Here’s a view of the marina on Amelia Island at sunrise. The high key warm and cool colors were so fun to work with on this one.
Here’s a painting of two intertwining trees along a creek in Settles Bridge Park. I keep trying to get on the other side of the Chattahoochee and thought that Settles Bridge was the answer. It looked to me like the path went right up to it but alas a little creek was the best I could find.
The color on this is a little nuts and I am thinking that painting in dense shade caused me to turn it up a little. That or they put something in my Dunkin Doughnuts coffee…
This painting is a serious mess, but I learned a lot through the process. During the workshop with John MacDonald, we talked a lot about high-key vs. low-key paintings. I had this one on the docket and realized it would be an ideal candidate for a high-key palette.
The goal was to use warm and cool colors to form the rocks. The color got me so off that I completely lost the drawing, and so it’s awful blobby. Oh well, it was a fun experiment, and I feel like I learned a lot more about warm and cool colors though this one.
Here’s the last one from my workshop in Highlands. The sketches and photos I got from the first day weren’t great, so I went back to No. 285 from earlier in the year. The light and overall composition was a much better fit for John’s style, and I think we made a lot of progress on this one.
Going through the process was mind bending. I thought No. 285 was a good painting but reworking it in this was took it to an entirely new place. The experience was about control and making calculated decisions to make the painting stronger. This is the kind of work I want to do but end up rushing or being impatient. The whole workshop was a great lesson in slowing down and trying to make something sing.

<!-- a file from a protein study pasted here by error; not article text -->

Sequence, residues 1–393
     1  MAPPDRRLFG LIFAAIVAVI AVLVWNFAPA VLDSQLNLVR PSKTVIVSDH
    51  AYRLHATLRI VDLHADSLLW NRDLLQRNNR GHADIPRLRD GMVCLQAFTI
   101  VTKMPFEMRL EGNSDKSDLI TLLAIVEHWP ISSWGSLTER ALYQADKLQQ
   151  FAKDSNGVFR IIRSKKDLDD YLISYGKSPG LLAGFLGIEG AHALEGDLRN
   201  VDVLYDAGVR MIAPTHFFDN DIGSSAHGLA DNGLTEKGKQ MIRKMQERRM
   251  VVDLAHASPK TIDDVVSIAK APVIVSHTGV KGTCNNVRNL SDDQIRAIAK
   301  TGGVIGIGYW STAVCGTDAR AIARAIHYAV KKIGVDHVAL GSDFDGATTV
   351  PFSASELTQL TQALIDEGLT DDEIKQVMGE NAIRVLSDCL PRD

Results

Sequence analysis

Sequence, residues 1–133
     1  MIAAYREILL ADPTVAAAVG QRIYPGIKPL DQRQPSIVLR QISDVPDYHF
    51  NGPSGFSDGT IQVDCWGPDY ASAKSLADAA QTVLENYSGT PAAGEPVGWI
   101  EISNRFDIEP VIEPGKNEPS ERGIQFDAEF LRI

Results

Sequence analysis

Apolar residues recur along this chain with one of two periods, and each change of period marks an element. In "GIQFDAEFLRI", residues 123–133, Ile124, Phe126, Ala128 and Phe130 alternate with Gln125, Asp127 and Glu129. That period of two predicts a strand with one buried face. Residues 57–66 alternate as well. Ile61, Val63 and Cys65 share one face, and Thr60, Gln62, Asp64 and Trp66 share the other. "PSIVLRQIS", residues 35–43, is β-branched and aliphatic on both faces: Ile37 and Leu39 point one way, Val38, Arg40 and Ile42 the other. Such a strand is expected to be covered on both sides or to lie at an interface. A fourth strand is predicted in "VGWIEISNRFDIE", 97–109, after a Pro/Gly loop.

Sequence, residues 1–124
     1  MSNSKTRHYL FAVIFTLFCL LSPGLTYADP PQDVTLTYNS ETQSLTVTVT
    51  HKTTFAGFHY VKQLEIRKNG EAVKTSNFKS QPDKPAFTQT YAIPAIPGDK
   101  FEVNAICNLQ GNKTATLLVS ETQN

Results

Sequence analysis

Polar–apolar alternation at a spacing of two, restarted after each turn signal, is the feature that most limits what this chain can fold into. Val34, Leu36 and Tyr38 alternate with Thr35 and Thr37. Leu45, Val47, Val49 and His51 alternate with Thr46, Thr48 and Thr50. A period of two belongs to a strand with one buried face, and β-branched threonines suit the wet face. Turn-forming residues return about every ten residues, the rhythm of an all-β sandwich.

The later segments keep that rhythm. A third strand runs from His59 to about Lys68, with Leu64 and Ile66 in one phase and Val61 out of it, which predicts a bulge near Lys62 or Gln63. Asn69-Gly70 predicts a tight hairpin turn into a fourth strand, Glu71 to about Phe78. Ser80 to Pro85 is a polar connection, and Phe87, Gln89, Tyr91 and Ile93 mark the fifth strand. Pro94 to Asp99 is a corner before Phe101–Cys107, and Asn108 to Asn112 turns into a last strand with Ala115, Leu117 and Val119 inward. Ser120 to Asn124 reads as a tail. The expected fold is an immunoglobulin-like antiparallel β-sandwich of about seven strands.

The main focus of the workshop I attended in Highlands was moving from Plein Air to the studio. This was such an important topic for me because that is one of my biggest struggles. The second day there I worked on moving the birdhouse the plein air study into a larger, 11″ x 14″ format. Our teacher, John MacDonald, helped me use more of a tonalist technique on this one and it was fun to try and carefully control the brushwork here.
No. 309 is a small plein air study from Highlands, NC. I attended a fantastic workshop last week with John MacDonald and the first day we started out by working outside. It was a really overcast day so the vistas I was looking for were pretty flat. There was enough light coming through the trees to make this scene have some depth and I decided to give it a shot.
I took a boat-load (literally) of shots from our trip to Lake Tahoe and have been excited about attempting a few of them. No. 308 is the first from that set and it was tricky to try and go back there in my mind as I painted this.